Go green

Make a difference

Our world is a beautiful place and it has sustained everything living on it for millions of years. Man’s global footprint has impacted on every corner of the planet and we are continually destroying vital ecosystems in order to sustain our lifestyles.
When we talk of the environment, it means everything around us, not just the weather. It includes all the animals, plants and the human beings living on this planet. We need to step up and make a change before it’s too late. We need to hand over a living planet to future generations, not an arid wasteland we have all but destroyed.

Here are some ways we can make a difference:

  • Reuse, reduce and recycle.
  • Invest in solar energy – a solar geyser drastically reduces your electricity bill.
  • Turn the lights off when you leave a room.
  • A kettle uses a large amount of power, don’t fill the kettle if you’re only making one cup.
  • Forests are destroyed for cattle farming, so try to eat meat less often.
  • Start a compost bin for all your vegetable trimmings and food scraps (except meat).
  • Packaging is a terrible pollutant, try and buy products that do not have too much packaging, or be sure to recycle.
  • Add a brick to your toilet cistern to help save water.
  • Invest in a tank to harvest rain water off your roof.
  • Take a shower instead of a bath.


Everything we buy is wrapped in packaging of some kind and most of it is recyclable.
If every household recycled their glass, plastic, paper and tins, it would extend the lifespan of our landfill sites considerably.
If you have a garden, start a compost heap for all your vegetable cuttings and food scraps (excluding meat).
Ray Nkonyeni Municipality has started a recycling collection service. Place all your clean glass, plastic, tins and paper in the clear plastic bags provided free of charge by the municipality and put these out on the designated days. Now there is no excuse not to recycle. READ MORE>>

Sorry to future generations


Plastic pollutes every corner of the earth, is one of the biggest pollutants on the planet and is lethal to all marine life either through entanglement or ingestion.
Our oceans have become vast dumping grounds and floating gyres of trash are growing by the day, eventually washing up onto beaches all over the world. Ellen MacArthur, a solo long distance yachtswoman and founder of the Ellen MacArthur Foundation, warns that by 2020, there will be more plastic in the ocean than fish.
Tons of plastic debris, varying in size from large containers and bottles to discarded fishing nets and microscopic plastic pellets are thrown away every year, polluting lands, rivers, coasts, beaches, and oceans. READ MORE>>


In 2012, Interface and the Zoological Society of London (ZSL) embarked on a unique partnership to rid the ocean of discarded fishing nets which wreak havoc on marine life.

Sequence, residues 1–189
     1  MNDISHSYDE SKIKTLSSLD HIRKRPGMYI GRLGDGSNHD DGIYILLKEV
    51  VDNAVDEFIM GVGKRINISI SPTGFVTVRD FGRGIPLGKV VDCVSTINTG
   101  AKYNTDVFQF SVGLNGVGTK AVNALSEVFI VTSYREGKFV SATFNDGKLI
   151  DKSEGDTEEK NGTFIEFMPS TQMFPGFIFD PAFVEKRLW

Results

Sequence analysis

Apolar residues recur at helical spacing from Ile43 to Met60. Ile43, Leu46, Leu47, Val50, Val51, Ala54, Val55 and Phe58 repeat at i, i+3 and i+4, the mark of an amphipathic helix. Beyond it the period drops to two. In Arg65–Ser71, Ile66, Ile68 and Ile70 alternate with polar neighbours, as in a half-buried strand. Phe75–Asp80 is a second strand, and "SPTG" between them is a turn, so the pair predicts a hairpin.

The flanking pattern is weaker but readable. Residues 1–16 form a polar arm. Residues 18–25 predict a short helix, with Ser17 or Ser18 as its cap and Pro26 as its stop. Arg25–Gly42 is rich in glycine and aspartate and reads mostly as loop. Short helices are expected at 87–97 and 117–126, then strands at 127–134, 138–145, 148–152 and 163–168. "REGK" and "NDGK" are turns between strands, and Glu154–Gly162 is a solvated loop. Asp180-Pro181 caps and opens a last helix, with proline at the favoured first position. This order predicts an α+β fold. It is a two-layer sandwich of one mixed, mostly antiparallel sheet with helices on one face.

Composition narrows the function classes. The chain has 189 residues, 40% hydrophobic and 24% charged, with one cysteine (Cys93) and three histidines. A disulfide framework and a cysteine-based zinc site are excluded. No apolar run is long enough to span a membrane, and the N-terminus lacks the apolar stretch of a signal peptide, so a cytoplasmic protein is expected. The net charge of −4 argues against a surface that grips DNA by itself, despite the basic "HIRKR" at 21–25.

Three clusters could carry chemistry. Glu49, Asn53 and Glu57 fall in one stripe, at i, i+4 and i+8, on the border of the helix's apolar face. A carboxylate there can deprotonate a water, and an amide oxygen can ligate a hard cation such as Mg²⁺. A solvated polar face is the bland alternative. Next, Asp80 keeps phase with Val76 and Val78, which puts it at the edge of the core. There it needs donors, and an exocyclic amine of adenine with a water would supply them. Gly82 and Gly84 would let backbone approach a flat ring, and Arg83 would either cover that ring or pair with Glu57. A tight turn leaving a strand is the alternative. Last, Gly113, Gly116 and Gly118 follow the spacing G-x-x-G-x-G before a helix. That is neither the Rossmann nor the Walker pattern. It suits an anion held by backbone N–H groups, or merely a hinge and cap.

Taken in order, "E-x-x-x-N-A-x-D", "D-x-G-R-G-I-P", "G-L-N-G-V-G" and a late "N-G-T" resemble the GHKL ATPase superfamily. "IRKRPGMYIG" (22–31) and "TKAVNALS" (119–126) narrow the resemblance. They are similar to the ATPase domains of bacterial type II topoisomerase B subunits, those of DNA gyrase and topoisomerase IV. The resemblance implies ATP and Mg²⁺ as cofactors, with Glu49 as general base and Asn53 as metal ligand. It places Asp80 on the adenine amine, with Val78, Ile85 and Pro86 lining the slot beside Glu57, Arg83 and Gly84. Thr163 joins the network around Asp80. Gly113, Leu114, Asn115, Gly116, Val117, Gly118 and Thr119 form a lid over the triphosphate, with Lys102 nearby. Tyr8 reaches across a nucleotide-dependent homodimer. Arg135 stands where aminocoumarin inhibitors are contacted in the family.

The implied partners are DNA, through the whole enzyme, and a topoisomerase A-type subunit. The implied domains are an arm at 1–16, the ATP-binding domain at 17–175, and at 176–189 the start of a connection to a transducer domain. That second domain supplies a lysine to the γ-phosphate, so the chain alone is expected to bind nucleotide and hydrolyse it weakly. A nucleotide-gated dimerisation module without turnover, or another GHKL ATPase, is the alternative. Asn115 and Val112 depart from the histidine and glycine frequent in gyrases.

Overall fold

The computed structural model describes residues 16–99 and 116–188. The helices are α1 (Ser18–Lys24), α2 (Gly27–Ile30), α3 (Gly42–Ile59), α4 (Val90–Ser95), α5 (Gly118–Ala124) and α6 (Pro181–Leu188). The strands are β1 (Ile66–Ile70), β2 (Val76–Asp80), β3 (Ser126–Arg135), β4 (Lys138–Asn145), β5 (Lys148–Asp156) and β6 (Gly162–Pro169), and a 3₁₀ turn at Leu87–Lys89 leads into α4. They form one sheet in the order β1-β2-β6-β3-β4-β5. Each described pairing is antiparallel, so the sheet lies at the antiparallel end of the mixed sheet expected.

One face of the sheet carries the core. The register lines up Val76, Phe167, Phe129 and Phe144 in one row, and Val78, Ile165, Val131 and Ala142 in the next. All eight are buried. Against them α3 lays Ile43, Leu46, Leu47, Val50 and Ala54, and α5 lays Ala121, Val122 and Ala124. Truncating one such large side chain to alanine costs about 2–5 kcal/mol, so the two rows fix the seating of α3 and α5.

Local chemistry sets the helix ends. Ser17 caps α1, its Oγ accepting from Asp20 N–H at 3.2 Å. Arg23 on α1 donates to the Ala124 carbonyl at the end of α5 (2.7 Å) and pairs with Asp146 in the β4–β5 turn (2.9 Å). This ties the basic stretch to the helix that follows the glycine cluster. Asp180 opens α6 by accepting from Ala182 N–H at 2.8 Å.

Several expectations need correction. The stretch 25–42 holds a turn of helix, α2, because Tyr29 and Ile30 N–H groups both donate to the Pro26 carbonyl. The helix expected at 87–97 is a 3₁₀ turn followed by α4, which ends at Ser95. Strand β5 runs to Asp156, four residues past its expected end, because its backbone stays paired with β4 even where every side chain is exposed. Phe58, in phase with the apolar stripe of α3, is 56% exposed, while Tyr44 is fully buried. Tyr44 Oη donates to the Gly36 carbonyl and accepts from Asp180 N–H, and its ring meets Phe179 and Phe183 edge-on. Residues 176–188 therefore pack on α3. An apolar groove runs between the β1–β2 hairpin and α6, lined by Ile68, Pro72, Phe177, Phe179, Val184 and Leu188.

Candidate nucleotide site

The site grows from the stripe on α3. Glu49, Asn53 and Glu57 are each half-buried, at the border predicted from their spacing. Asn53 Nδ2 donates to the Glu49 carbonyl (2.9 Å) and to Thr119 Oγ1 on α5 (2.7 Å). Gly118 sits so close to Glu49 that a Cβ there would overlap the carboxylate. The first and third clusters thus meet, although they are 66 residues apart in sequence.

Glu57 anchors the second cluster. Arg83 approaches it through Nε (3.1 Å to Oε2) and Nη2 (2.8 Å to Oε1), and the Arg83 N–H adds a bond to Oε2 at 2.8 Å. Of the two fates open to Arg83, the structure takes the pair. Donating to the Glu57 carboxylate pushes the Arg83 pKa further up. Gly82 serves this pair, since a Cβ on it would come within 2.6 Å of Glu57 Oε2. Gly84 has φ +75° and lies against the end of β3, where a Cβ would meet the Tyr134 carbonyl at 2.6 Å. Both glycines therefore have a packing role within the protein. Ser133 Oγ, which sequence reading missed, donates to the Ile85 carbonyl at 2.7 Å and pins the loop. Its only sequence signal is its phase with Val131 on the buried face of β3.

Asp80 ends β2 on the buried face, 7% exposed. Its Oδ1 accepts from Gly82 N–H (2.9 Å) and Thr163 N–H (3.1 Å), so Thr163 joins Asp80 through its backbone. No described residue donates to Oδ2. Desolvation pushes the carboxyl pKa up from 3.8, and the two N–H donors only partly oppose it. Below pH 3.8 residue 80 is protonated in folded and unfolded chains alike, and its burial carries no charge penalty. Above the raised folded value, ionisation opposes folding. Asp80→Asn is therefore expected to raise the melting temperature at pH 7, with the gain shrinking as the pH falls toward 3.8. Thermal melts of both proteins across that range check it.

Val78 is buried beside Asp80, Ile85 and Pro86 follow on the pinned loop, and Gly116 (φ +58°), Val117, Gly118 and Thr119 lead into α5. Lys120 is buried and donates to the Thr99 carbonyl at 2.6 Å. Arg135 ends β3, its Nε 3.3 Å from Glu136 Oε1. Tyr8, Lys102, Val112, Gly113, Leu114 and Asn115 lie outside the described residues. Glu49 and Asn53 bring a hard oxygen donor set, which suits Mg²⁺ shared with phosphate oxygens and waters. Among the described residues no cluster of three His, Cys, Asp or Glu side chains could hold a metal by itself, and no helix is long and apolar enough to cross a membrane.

Net-Works empowers coastal communities by buying these nets thereby helping to uplift poorer communities. These nets are then sold into a global supply chain and recycled into yarn to make carpet tiles.
Since 2012, 142 metric tons of waste nets have been collected through Net-Works, 1 500 families have been given access to finance and 62 000 people have benefited from a healthier environment. READ MORE>>


• When garbage is burnt, it emits smoke & toxic gases into the air.
• Tobacco, when it was first introduced, was used as a cure for toothache.
• Used motor oil is a hazardous waste.
• Take a farmer into a rain forest and most of the insects and birds he recognises will be the ones he considers to be ‘pests’.
• Tyres sunk off the coast form useful habitats for marine life.
• Methane gas from refuse dumps is tapped and turned into a petroleum substitute. California is producing enough power from methane gas obtained from its dumps/landfills to light up a city. READ MORE>>


The silent killer
We can no longer dispute that global warming is a reality.
Greenhouse gases trap the earth’s heat in the atmosphere which leads to warmer temperatures, rising sea levels, increased extreme weather conditions, heat-related deaths and the increased transmission of infectious diseases.
Greenhouse gases include carbon dioxide, which comes from burning fossil fuels such as petrol and natural gas. Methane gas and hydrofluorocarbons (HFCs) are also deadly air pollutants that play a destructive role in climate change. Factories release sulphur dioxide into the air we breathe. READ MORE>>


5th June World Environment Day
8th June World Oceans Day
17th June World Day to Combat Desertification
31st July World Ranger Day
1st September Arbour Day
16th September World Ozone Day
19th September International Coastal Clean-Up Day
22nd September World Rhino Day
24th September World Rivers Day
3rd October World Habitat Day
10-15 October National Marine Week
21 November World Fisheries Day


Why would you want ‘dirty’ power, when you can have endless, clean, pure energy from the sun?
Of course, the biggest advantage to solar power is the savings to your wallet. No more high electricity bills. What more could you ask for?
Solar is actually an investment in the future. Yes, it can be costly, but you can choose to start small by first installing a solar geyser, then slowly work your way up to being completely off the grid. There are many options available and this can be done over a number of years.
You can choose to invest in a hybrid power system, a grid-tied system that will power the appliances in your home, or go entirely off the Eskom grid. Most importantly, when you make the bold step to go solar, it’s very important to know that the system you’re investing so much money in, is top quality, one that will last. READ MORE>>